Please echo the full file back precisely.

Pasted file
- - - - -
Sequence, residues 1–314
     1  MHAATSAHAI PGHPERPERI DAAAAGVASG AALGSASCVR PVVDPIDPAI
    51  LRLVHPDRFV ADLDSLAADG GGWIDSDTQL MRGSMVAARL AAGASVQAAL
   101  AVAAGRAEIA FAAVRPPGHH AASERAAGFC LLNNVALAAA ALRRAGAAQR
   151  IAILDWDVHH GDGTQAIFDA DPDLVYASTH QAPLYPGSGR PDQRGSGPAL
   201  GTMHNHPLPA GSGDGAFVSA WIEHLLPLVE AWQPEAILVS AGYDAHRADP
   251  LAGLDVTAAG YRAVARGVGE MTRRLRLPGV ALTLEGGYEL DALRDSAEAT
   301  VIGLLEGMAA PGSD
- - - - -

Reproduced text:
Sequence, residues 1–314
     1  MHAATSAHAI PGHPERPERI DAAAAGVASG AALGSASCVR PVVDPIDPAI
    51  LRLVHPDRFV ADLDSLAADG GGWIDSDTQL MRGSMVAARL AAGASVQAAL
   101  AVAAGRAEIA FAAVRPPGHH AASERAAGFC LLNNVALAAA ALRRAGAAQR
   151  IAILDWDVHH GDGTQAIFDA DPDLVYASTH QAPLYPGSGR PDQRGSGPAL
   201  GTMHNHPLPA GSGDGAFVSA WIEHLLPLVE AWQPEAILVS AGYDAHRADP
   251  LAGLDVTAAG YRAVARGVGE MTRRLRLPGV ALTLEGGYEL DALRDSAEAT
   301  VIGLLEGMAA PGSD